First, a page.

15 June 2009

Starting point

So, today it really starts.

Between today and tomorrow, all my new team will arrive and we will be in the office together, for 13 months.

I love this "fear" feeling when I take huge responsibilities that demand me to learn new things I would never dare to think I would ever know. Such is the magic of AIESEC: we start one position as prepared as we can, but not as good as necessary, then we change, we develop and, by the end of this fast paced year, we are competent enough to say we can do it.

But then, it's time to leave for the new generation to learn.

I really love this organization :)

14 June 2009

Withing paradigm versus between paradigms (or, management versus leadership once again)

"You manage within a paradigm.
You lead between paradigms."

- Joel Barker, Paradigms

Very wise words.

It's easier to act within paradigms. People like the safe-side of a well stablished paradigm and dislike the shaky ground of a new mindset. But sometimes you have to take the unpopular call and lead the organization to the next paradigm. Evolution, even with resistence. Puting out your neck on the axe's range is not easy. Sometimes people will hate you because you are "changing how things are done to this crazy new way". But, if it's a good call, the reward of the new and better new paradigm pays off.

I think, as a CEO of an organization that needs a big deal of evolution to keep relevant and competitive in these mutant times, I will experienced a lot of that. In fact, I started experiencing it already, by changing the financial incentives and responsibilities of our local AIESEC Norway chapters.

So, what are the things that us leaders can do to move to move our organizations and teams to the next paradigm without so much bumps on the way? What do you think?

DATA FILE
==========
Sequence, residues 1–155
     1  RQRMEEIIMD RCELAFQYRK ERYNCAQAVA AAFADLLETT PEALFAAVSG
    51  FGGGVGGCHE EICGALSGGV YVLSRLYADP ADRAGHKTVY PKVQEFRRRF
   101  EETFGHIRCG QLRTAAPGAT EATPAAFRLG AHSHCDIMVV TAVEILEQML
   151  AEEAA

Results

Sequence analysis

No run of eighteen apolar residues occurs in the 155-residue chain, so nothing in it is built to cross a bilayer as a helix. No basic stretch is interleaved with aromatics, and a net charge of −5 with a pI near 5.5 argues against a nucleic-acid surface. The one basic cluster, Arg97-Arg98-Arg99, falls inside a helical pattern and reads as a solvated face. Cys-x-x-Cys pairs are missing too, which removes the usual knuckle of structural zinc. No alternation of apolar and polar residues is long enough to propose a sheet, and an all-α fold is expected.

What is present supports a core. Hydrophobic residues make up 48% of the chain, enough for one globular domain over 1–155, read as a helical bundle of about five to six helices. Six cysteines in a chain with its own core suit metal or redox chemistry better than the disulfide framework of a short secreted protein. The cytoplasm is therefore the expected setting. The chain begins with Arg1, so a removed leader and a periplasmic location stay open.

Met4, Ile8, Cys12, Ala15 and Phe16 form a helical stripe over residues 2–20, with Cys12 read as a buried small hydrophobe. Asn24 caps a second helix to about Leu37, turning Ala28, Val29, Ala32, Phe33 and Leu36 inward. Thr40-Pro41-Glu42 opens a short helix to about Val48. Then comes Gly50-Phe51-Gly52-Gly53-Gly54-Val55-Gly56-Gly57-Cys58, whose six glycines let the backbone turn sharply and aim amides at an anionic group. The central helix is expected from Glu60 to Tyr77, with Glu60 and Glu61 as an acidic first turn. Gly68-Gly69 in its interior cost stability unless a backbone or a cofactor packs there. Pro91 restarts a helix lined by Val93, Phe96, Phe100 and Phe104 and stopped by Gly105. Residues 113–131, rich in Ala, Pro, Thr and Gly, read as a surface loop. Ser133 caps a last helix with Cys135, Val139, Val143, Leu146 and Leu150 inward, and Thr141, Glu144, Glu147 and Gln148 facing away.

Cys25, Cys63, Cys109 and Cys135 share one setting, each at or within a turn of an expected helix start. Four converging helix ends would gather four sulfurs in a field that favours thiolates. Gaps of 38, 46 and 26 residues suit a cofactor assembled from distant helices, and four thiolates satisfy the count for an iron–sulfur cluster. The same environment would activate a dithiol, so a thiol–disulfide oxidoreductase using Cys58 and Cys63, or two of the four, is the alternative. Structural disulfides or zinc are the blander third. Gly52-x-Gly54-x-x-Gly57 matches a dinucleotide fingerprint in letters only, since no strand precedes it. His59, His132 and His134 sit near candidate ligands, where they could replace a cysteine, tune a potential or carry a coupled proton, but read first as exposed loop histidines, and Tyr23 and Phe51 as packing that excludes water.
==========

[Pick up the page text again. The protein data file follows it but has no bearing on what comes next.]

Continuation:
And what if we are wrong, the new paradigm is not the right one? How to be sure? (In fact I guess there's no answer to this one).

World starts to open its eyes to AIESEC

AIESEC Represented at the World Business Summit on Climate Change!

Aman Jain, the President Elect of AIESEC International 2009/2010 (picture on the left), spoke at the press conference launch alongside Secretary General Ban Ki-Moon confirming the role of young people in the climate cause. "Some call us the leaders of tomorrow, but I think of us as the leaders of today", said Aman during the press conference.

To read more on the Summit, follow the link: http://en.cop15.dk/blogs/view+blog?blogid=1361


AIESEC Meets the Next EU Presidency

Sweden’s Migration Minister met with the incoming and outgoing presidents of AIESEC International to discuss the challenges and opportunities to the mobility of young talent in the European Union.

As the host of the next EU Presidency, Sweden plays an important role within the policy agenda for the European Union in 2009. As the AIESEC international internships program operates across 100 countries and in 2008 sent over 5,000 young people abroad to undertake international internships, AIESEC’s interest and contribution to the topic of mobility is considerable.

On the picture: Juan Cajiao, President of AIESEC International 2008/2009)


AIESEC International receives an award for Most Democratic Workplace

AIESEC International maintains its place among the 40 organizations who are the annual winners of the WorldBlu List of Most Democratic Workplaces™ award for a third consecutive year. The award is sponsored by WorldBlu, an US-based non-profit specializing in organizational democracy.